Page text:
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1950-51 Theatre Catalog, 9th Edition, Page 307 (285)

1950-51 Theatre Catalog, 9th Edition
1950-51 Theatre Catalog
1950-51 Theatre Catalog, 9th Edition, Page 307
Page 307

1950-51 Theatre Catalog, 9th Edition, Page 307

Pointers To Insure Long Carpet Wear

Construction, Underlining, and Installation Are Treated in Their Close Relationship to Use Life

As a basic part of theatre decor, carpeting can contribute much to a theatreis own special atmosphere. The soft Hoor covering should give patrons a sense of pleasure from its harmonious color combinations and pattern. Carpet should create an air of comfort, give an appearance of space, and serve as a "welcome" mat throughout the house. Not only does the theatre owner want the carpeting to enhance or preserve the individuality and comfort of his house, he also wants it to stand up as long as possible under the hard usage it will receive in any theatre.


BRIEF: Theatre carpeting . . . unlike the universe . . . does not last forever . . . especially since it is called upon to bear more punishment than floor coverings in any other type of building . . . However battered and bruised it may be

daily . . . by hundreds of tramping, scuffing, and wet feet . . . it still must look fresh and attractive for the next days visitors . . . particularly because of the important role it often plays in the decorative scheme of the house.

The problem of deriving the maximum wear from his carpeting . . . made all the more acute by the current increasing shortage of wool to fill new or replacement orders . . . is one of cardinal interest to every theatre operator . . . Much has been written about the proper care of carpets . . . when they are on the floor . . . but comparatively little has been said about prolonging use life before they are even laid . . . by the selection of properly constructed types . . . the employment of underlinings

. and correct installation . . . The following article surveys these filifegivingi, preliminary measures in detail.


It is a wise idea to consult the contract representatives of distributors or manufacturers. These men have had years of cXperience in dealing with every phase of contract installation. They can offer sound suggestions and discuss the owncris wishes and needs, budget limitations, and special traffic problems. Whether it is a complete theatre job or a replacement, the choice of carpet is one which deserves careful consideration.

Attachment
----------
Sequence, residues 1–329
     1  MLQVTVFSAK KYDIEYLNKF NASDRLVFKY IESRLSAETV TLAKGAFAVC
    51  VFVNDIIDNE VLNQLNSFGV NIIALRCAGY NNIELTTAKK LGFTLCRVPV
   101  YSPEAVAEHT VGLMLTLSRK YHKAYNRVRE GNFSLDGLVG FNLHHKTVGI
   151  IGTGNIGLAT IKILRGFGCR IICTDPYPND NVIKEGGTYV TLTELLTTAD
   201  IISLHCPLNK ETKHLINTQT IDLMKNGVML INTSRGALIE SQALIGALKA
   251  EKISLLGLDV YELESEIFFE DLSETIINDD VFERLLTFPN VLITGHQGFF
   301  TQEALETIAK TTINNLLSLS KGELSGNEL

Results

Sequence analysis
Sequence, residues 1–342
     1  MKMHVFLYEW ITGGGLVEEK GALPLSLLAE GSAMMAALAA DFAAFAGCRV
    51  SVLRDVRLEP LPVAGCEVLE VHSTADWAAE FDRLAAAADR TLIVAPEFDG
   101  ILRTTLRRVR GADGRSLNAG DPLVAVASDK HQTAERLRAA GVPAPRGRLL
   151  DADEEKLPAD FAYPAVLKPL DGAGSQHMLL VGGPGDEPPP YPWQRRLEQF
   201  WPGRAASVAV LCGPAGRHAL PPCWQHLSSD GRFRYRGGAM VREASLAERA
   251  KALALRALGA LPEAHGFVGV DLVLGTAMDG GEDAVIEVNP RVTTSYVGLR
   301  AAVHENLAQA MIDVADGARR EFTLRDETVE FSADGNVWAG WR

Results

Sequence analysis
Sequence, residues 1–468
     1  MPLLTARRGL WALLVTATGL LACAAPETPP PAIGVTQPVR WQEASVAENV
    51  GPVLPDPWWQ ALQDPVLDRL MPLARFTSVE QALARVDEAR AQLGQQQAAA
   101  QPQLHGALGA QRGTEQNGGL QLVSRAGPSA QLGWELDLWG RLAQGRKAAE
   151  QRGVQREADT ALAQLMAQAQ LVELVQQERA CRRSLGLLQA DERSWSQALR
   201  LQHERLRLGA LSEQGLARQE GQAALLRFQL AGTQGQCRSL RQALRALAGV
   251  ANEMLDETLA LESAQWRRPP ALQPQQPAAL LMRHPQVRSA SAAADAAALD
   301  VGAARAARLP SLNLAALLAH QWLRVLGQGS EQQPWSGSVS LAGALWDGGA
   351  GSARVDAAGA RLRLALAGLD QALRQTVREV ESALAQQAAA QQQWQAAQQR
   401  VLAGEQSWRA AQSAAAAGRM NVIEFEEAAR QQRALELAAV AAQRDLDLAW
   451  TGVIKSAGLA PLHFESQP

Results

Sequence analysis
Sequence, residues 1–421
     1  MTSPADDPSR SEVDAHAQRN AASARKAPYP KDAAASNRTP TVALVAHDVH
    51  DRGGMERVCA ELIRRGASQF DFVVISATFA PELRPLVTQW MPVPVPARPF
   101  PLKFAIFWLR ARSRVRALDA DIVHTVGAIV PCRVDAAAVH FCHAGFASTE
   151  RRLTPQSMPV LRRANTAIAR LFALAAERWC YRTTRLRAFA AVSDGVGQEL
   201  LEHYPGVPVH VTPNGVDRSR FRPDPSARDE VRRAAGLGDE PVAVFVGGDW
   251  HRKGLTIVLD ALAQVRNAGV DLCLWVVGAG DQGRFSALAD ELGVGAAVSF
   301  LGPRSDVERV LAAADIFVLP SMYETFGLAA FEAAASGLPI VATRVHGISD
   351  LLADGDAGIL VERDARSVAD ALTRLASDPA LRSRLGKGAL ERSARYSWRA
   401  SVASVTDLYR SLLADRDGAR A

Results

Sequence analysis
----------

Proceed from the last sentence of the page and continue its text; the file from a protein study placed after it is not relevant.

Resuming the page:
Most theatre carpet comes from one of three looms: Chenille, Wilton or Velvet; these fine floor coverings are specially Woven to withstand the heavy traffic in theatres. Chenille carpeting is usually custom-made, and any color or colors, pattern, size, or shape, no matter how Irregular, can be loomed to specification. Furthermore, Chenille can be woven as \Vlde as 30' without a seam. The weaving



President, Carpet Institute. Inc.

of Chenille requires two looms with a hand-tufting operation on the second loom. The pile surface, woven on one loom, is cut into furry strips, and these strips are then woven into the base of the carpet on a second loom. The back of the carpet has a heavy, sturdy woolen yarn structure. It is a tough, wearresisting weave.

Wilton is fine carpeting with a cut pile surface. It's twin weave is the Brussels, which is woven in the same manner, but the pile is left uncut. Sometimes cut and uncut pile are combined. In the Wilton weave, one set of woolen yarns forms the pile surface, and the other sets are woven into the base.

Velvet is the simplest of all weaves, loomed with one set of wool yarns with all the wool appearing in the surface. Before it is taken from the loom, the looped tufts are cut. The top-quality Velvets, such as those used in theatre installations, have a thick, luxurious pile.

Determining Quality

The pressure of human hands is useful in determining the quality of a wool fioor

covering. Density of the pile is an important factor in judging the durability of a carpet. The pile is the face of the carpet made up of tufts of woolen yarn held together by backing yarn. The denser the pile, the more it will resist any attempt with the thumb to make a dent in it. Quality wool has a springiness that lets it bounce back from pressure.

Carpet quality cannot be judged by depth of pile alone. It is necessary to know what constitutes the carpet, for there are some low-pile carpets which surpass the high-pile types, and there are texture weaves which combine both low and high tufts. Many rich-looking and long-wearing carpets are made up of several levels of tightly looped pile, and others are a combination of cut pile and looped pile. Pile height is, of course, a. factor in judging quality, but it is not the sole decisive factor.

Several varieties of wool are required for carpet weaving. While the sheep born in the United States furnish tine wool for clothing, carpets require strong, tough, wear-resisting yarns made from wool grown on the sheep in cold mountainous countries. No one wool fiber has all the necessary characteristics for fine carpeting, but a judicious blending of wools achieves the best results. Carpet wools

UNDERLININGS ARE DESIRABLE because they save wear, prolong life, and make floor coverings look richer. Here illustrated is an installation mcm rolling out a seclion oi Spongex Rubber lining.
1950-51 Theatre Catalog, 9th Edition, Page 307